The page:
There were a number of separate items about newspapers from the past few days. First, on the bad news front, comes a kind of early eulogy for print newspapers in Philadelphia, the first “big city” in the US that may not have a daily (stay tuned).
On a more upbeat note, the Seattle Times is back in the black and apparently growing after the demise of the print edition of the Seattle PI, although that website appears to be holding its own as well. According to the NY Times:
But less than five months later, a nearly forgotten word has crept back into Times executives’ vocabulary: profit. “On a month-to-month basis, we are starting to operate in the black,” Mr. Blethen, who is also chief executive of The Seattle Times Company, said in an interview last week.
How much black ink and by what measure, the privately held company will not say, and amid a sharp advertising downturn, no one denies that its situation remains precarious. But The Times has improved its prospects by picking up most P-I subscribers and managing to keep them so far. It says its daily circulation rose more than 30 percent, to more than 260,000 in June, from about 200,000.
Oddly enough, what remains of The P-I is also faring better than expected. The Hearst Corporation kept the paper’s Web site alive as a news operation with a small staff, heavily reliant on more than 200 unpaid bloggers who write on things as diverse as their neighborhoods, cooking and marathon running.
Last week News Corp. announced a $203 million loss and a move toward requiring users to pay for all content online, the Financial Times is toying with several pay models but the centerpiece appears to be a pay per article system:
FT.com currently offers three tiers of access to its digital content. For users who register an amount of personal information, such as their email address, 10 articles a month are accessible free of charge. There are about 1.4 million registered users of FT.com for this limited access.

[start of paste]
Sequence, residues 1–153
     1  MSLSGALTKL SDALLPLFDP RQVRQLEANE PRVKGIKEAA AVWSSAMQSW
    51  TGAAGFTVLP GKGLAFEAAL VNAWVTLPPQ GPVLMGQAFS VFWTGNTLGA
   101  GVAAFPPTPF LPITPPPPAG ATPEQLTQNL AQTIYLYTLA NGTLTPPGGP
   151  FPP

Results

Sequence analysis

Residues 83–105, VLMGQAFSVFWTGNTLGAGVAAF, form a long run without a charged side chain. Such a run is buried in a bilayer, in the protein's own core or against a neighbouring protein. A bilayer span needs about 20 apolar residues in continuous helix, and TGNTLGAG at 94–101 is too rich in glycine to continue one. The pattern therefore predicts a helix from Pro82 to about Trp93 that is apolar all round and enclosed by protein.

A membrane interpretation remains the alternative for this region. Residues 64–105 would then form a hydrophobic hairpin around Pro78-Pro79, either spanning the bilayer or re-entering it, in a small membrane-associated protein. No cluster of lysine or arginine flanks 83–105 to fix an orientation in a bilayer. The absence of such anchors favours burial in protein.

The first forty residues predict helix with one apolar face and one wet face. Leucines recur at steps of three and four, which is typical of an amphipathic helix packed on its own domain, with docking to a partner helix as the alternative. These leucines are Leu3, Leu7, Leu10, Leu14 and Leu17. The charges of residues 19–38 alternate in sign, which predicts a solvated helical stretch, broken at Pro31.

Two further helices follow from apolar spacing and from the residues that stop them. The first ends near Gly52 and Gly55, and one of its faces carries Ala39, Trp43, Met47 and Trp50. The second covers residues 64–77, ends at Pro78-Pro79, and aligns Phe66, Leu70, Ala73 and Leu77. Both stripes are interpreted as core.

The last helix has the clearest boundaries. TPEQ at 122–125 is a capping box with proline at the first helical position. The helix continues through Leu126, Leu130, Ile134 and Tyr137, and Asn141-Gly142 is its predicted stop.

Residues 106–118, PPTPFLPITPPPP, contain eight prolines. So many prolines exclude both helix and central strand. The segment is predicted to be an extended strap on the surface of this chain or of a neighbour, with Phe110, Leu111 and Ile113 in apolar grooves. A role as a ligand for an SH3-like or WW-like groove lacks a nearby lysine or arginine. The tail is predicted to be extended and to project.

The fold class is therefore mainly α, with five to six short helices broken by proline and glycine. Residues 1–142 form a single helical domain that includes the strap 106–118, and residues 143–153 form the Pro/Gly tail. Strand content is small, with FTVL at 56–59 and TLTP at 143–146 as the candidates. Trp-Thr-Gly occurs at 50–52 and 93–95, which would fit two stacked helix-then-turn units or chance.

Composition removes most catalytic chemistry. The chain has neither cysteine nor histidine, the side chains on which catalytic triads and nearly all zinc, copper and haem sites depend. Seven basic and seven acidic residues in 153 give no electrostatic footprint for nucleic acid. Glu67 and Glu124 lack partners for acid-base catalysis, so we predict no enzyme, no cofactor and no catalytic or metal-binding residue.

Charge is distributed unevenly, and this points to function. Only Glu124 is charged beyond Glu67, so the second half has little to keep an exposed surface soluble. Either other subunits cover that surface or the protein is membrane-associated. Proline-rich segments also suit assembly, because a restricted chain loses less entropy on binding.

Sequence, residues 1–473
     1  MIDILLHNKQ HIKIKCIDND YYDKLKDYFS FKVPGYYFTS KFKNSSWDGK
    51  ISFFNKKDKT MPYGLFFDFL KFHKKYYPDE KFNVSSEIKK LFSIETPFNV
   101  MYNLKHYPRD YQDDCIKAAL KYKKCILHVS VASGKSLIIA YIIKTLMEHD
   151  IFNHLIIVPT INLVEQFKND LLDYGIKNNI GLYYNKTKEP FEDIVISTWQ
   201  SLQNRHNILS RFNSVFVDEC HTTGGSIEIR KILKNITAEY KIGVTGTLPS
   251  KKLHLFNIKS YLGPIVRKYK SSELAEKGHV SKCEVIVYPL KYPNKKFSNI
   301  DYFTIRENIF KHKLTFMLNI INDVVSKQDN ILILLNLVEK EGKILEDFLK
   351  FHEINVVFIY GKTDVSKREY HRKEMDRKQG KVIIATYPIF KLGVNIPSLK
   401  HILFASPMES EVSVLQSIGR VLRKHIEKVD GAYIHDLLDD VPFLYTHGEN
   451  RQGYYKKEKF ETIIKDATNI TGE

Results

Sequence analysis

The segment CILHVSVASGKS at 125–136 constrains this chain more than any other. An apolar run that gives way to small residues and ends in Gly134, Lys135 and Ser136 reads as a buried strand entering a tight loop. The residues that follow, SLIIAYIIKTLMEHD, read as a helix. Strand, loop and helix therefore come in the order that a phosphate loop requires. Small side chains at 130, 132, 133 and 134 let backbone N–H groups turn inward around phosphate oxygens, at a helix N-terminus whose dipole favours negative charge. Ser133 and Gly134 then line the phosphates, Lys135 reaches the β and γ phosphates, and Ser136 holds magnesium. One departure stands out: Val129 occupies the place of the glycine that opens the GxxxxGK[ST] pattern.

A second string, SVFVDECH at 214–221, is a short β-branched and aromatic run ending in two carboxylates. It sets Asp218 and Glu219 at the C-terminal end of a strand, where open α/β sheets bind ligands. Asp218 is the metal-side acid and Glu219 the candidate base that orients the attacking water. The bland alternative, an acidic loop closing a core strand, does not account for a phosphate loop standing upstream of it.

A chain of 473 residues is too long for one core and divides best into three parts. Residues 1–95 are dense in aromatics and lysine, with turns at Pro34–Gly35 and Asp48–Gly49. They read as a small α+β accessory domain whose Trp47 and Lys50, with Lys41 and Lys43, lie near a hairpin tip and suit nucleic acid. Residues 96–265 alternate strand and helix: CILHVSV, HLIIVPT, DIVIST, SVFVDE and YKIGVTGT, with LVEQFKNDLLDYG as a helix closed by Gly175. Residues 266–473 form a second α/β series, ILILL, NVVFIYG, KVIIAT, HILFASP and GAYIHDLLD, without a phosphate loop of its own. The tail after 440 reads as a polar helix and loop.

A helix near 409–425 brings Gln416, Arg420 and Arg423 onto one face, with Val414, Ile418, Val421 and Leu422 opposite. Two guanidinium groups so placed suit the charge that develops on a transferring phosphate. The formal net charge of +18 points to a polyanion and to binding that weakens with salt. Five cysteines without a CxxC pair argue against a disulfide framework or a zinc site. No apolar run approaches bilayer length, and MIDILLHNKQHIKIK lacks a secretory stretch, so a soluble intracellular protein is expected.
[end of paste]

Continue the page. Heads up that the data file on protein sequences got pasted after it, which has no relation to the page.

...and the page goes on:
An online subscription costs £150 a year, or £199 for a premium-level service that includes added content such as the Lex column . . .
“We are looking at pay per view and we do want to offer users the broadest range of options for accessing FT content on the website,” said the FT.com managing director, Rob Grimshaw. “We will progress with pay-per-view sometime over the next 12 months” . . .
However, speaking to the Guardian yesterday, Grimshaw said that it was of paramount importance to have a simple, easy payment system as had been successfully introduced by Amazon, with its “one-click” service, and iTunes.
In addition, last week, Borrell Associates said that it foresaw a modest recovery in newspaper ad revenues:
Despite their loss of favor among techies, newspapers remain a highly trusted advertising medium among most consumers (per Nielsen, 4/09)
Finally, here are some new metrics from the NAA (based on data collected by MORI research and Nielsen):
- Newspaper Readers Seek Out Advertising Content: Nearly six in 10 adults (59 percent) identify newspapers as the medium they use to help plan shopping or make purchase decisions.
- Newspaper Readers are Involved: 41 percent of U.S. adults say newspapers are the medium used most to check out ads – more than radio TV, Internet, magazines and catalogs combined.
- Newspaper Readers Take Action: 82 percent of U.S. adults took some action as a result of a print newspaper ad in the past 30 days: 61 percent clipped a coupon, 50 percent bought something advertised and 52 percent visited a store.
- Newspaper Readers Value Insert Advertising: 73 percent of adults regularly or occasionally read newspaper inserts, and 82 percent have been spurred to action by a newspaper insert in the past month.